It is now three months hence, but I believe from my inquiries that there are still people who would be saved from going on the scrap heap if a scheme such as this were instituted. I urge the Government not to pay too much heed to the difficulties which exist in the way of implementing a program of this sort but to bend its attentions to finding means to meet the needs of a group of Australians. Those people either will go on being contributing, sensible and good members of the Australian community or, if they are cast aside, will simply become derelicts who will be pan of the shame that we have for the failures we have experienced with our Aboriginal people.
– When Senator Mulvihill was speaking earlier in the debate he sought leave to have certain material incorporated in Hansard. The question then arose whether the material had been properly processed. That was done, but the formality of seeking leave was not attended to. I now ask whether there is any objection to the material sought to be incorporated by Senator Mulvihill being so incorporated? If there is no objection, leave is granted.
The document read as follows-
SENALP AA62659 WATFED AA25645
4.20 PM November 2nd 1977 JM ATT Senator Wriedt
Re question raised in Senate re Federation rules old federation rule prohibiting Asiatics from joining union was changed in 1954 and certificate of change forwarded to federation by industrial registrar however due to error in industrial registrars department rule change was not entered into registrars record book. Error was not brought to attention until 1967. All federation rule books had carried amended rule. When error discovered request made by federation for registrar to correct their error registrar advised not possible and federation then made immediate application to the registrar for a rule change to correct the erroneous situation which had arisen as a result of industrial registrars department error.
In decision 6 July 1973 R No. 153 of 1968 registrar granted rule change sought. Note application for the rule change had been filed on 12 September 1968. Since 1954 many residents of Australia of Asian extraction have been admitted to membership and continued as members of waterside workers federation.
Fitzgibbon General Secretary
– Firstly, I ask that the document from which Senator Chaney quoted in respect of an alleged statement by the Leader of the Opposition (Mr E. G. Whitlam) in another place be tabled.
– Is it the television program transcript from which I quoted that you want tabled?
-Yes. I ask that that be tabled.
– I am quite happy to do that. I table the document.
-Senator Chaney ranged over a number of subjects, but it was not until he raised the last subject that I felt he was making any substantive contribution to the debate. I agree with the matters he raised concerning the problems of people in the rural areas of Western Australia and that the suggestion he made which obviously require study, were worth while. I regret that it was not until he got on to the very last part of those several subjects which he raised that he in fact found himself talking about things which really interest the Australian people and which are matters of some concern. I find it unfortunate that he devoted so much of his time to personal attacks on the Leader of the Opposition. Of course, that is in line with so much of the procedures about which we are hearing in both chambers at the present time.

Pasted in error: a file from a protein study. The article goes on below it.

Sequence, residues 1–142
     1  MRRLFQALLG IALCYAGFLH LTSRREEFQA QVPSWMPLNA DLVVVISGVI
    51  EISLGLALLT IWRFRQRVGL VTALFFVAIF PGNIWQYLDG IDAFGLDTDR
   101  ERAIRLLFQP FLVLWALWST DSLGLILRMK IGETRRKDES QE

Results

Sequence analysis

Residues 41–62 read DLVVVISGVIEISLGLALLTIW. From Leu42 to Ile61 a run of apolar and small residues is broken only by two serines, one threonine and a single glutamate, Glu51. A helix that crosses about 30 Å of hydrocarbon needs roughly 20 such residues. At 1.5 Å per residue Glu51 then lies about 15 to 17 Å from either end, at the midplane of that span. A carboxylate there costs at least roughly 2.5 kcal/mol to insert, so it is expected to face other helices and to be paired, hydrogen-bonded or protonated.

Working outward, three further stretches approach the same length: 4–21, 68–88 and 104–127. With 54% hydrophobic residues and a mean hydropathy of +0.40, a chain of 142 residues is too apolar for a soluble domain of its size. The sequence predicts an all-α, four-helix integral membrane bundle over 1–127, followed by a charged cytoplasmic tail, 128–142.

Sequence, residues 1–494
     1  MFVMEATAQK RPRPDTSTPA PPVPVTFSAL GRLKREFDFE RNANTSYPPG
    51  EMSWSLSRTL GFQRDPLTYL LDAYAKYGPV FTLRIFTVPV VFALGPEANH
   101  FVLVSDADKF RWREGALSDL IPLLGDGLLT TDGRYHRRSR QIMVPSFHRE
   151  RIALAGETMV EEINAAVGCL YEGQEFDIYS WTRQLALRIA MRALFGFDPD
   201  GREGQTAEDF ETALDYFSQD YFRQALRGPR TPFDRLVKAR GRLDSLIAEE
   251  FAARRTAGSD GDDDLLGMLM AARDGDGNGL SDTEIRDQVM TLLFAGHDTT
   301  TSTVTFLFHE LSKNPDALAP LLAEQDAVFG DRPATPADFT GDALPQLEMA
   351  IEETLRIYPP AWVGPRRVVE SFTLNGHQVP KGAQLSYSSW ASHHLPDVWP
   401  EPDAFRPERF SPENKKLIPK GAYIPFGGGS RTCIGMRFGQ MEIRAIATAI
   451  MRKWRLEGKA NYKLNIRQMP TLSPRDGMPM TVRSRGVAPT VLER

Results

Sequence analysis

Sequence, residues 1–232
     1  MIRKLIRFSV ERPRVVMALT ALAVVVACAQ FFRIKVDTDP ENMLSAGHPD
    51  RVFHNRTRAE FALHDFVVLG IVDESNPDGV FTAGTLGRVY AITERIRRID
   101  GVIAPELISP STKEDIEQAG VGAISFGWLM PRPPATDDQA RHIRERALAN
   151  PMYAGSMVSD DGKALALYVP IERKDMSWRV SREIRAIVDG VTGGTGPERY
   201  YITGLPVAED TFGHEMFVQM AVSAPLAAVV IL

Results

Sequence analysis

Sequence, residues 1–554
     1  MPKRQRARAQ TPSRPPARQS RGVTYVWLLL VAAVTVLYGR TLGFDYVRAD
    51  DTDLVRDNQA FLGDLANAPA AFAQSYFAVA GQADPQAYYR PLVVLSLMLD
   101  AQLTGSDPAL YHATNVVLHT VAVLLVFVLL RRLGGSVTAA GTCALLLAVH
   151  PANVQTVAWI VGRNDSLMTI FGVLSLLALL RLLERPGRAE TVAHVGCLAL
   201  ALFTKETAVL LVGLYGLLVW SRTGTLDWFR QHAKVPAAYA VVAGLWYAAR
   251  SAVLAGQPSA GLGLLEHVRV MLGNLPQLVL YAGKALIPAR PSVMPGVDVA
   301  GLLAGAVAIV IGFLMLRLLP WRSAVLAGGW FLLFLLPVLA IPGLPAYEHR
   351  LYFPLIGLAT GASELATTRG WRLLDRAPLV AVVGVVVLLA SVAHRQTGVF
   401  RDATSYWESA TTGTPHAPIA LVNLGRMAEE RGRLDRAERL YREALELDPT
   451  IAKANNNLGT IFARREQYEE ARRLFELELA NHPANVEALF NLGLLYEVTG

I was also glad to hear him admit that the innuendo and the smear that was implicit in his question this morning which was directed against the Waterside Workers Federation of Australia, was incorrect. On receipt of the correct information from that body he was prepared to concede that the innuendo was incorrect. I say to him that in view of his opposition to any form of racial discrimination, I hope he will use his good intentions with some of his colleagues in his State who trooped north during the last Western Australian election to confuse the minds of so many Aborigines in the north of Western Australia over their rights to vote. It would be as well if he were to bring his legal contacts to better use by persuading his colleagues not to use those practices in future. Nevertheless that is a matter to be determined in a Western Australian court.
The main reason I rise is to talk about the significance of this Government’s financial policies in respect of the States. The new federalism policy of the Liberal Government is something which is not very clearly understood throughout Australia. It seems that one thing is clearly understood and that is that it is a policy which means more power to Canberra and less money to the States. The majority of Australians realise that that is what the Liberal Party’s new federalism policy is about. It is also important that the people understand the implications of that policy. I wish to spend a minute or so going over the background of this policy. In 1975 the then Liberal Party Opposition made accusations about power being concentrated in Canberra. As a result, it issued a policy document called the Federalism Policy, dated September 1975. That policy claimed that the federalism policy ofthe Liberal Party, if implemented, would prevent dangerous concentration of power in a few hands.